There is an obesity epidemic in the United States and parts of the world — especially among children. Now, we are learning about obesity's intimate relationship with diabetes.
By Mary Best
When Francine Kaufman, M.D., talks about diabetes and obesity, it's easy to hear her passionate commitment to educate parents and children about this growing problem. "I am concerned about our children," says Dr. Kaufman, who is the incoming chairperson for the National Diabetes Education Program (NDEP). "I've devoted my career to diabetes in children. Particularly now, when we are at the point of an epidemic of childhood obesity and the development of type 2 diabetes in children, I have realized that to make a difference, we have to change the environment for children."
She has seen firsthand the effect of a poor diet on the body. Dr. Kaufman treats thousands of children who suffer from obesity and the diseases associated with it. She is a professor of pediatric endocrinology at the Keck School of Medicine of the University of Southern California. Dr. Kaufman is also director of the Center for Diabetes, Endocrinology, and Metabolism at Children's Hospital in Los Angeles.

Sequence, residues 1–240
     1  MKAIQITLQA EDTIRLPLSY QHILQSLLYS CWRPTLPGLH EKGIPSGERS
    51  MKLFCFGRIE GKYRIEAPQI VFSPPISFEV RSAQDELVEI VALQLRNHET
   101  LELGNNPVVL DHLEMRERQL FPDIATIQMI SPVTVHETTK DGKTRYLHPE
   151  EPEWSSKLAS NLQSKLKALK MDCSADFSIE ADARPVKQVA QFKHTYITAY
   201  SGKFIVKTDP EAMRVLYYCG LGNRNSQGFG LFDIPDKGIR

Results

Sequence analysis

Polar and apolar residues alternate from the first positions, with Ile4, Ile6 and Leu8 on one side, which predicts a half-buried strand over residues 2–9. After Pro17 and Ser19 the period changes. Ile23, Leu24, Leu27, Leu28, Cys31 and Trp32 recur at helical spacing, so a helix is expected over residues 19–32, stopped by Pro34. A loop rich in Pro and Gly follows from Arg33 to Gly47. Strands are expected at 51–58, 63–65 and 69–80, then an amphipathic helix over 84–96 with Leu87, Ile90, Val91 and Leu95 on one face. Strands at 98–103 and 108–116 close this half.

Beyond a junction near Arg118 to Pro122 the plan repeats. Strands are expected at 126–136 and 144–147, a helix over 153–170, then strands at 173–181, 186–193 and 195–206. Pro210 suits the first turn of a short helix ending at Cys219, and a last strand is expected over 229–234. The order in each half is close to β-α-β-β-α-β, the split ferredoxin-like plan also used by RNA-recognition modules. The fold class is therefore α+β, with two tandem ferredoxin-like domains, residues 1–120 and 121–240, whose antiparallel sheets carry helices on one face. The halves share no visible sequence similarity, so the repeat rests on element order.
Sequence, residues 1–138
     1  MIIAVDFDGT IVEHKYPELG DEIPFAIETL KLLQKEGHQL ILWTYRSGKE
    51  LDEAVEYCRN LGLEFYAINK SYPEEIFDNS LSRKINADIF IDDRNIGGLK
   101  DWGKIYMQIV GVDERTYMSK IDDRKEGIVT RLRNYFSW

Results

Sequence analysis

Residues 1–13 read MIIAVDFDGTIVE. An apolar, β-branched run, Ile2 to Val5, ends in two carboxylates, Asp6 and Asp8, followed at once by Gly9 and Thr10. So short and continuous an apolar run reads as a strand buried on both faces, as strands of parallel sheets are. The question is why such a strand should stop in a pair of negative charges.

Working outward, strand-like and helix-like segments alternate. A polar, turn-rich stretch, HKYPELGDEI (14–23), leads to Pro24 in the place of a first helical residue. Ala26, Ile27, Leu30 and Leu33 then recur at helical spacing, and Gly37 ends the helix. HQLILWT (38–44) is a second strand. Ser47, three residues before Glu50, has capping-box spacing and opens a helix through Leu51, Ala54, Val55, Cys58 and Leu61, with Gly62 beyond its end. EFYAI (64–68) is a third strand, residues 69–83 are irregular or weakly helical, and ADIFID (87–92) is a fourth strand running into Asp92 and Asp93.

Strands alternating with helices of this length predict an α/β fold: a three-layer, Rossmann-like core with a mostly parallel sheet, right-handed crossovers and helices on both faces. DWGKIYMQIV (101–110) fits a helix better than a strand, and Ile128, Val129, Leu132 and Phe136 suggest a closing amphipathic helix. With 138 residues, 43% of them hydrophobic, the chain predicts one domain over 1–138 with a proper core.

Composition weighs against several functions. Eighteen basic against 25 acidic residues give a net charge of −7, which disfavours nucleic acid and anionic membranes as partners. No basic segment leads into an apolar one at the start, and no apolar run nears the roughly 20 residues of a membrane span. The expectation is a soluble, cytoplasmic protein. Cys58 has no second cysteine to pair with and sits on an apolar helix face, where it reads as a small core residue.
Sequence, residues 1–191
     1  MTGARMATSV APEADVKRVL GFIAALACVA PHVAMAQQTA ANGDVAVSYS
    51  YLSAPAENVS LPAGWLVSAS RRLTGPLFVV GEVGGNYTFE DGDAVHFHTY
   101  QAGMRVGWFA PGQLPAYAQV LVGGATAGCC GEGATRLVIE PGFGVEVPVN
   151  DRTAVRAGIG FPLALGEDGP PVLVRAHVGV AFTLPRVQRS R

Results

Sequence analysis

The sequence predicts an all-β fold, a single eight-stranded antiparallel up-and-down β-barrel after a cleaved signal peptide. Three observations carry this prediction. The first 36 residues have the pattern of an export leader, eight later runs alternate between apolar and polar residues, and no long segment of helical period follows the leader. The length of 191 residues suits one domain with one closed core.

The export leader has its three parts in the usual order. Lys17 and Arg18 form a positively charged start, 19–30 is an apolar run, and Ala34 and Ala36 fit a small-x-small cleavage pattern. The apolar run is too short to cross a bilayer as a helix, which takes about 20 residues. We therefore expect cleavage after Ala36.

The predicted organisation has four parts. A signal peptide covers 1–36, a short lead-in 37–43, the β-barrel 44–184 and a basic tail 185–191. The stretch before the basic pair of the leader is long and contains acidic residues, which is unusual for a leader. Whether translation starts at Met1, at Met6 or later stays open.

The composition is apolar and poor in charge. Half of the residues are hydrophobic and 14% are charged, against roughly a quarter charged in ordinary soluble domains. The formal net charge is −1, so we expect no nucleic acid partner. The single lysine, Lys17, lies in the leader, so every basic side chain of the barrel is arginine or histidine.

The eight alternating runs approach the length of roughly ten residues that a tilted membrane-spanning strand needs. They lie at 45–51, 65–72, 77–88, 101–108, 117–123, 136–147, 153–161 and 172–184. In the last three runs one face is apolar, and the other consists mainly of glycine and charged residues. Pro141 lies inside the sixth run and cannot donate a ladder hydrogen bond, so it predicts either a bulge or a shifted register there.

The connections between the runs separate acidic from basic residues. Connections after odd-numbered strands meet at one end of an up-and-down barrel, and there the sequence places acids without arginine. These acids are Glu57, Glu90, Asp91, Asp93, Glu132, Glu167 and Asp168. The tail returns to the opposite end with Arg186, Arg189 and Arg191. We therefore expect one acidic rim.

To Find Out More
Nearly 21 million Americans suffered from diabetes in 2005, according to the National Institutes of Health (NIH). A national survey calculated the obesity rate for children at 17.1 percent in that same year. Dr. Kaufman predicts that by the year 2020 the number of people around the world with diabetes will soar to more than 300 million.
In her book Diabesity: The Obesity-Diabetes Epidemic That Threatens America—And What We Must Do to Stop It, Dr. Kaufman explains the roots of diabesity quite simply: "Our ancient genes and our modern environment have collided." Our bodies store excess calories as fat. In ancient times calories were hard to come by. Today, fast food and junk food are everywhere. Coupled with our increasingly inactive lifestyle, the result is obesity.
"Diabetes is everywhere around the world," says Dr. Kaufman, "and it touches people, whether they are the person with diabetes or the person caring for someone with diabetes. It has a global reach and a global impact. We need to come together as a global society to find a way to combat diabetes."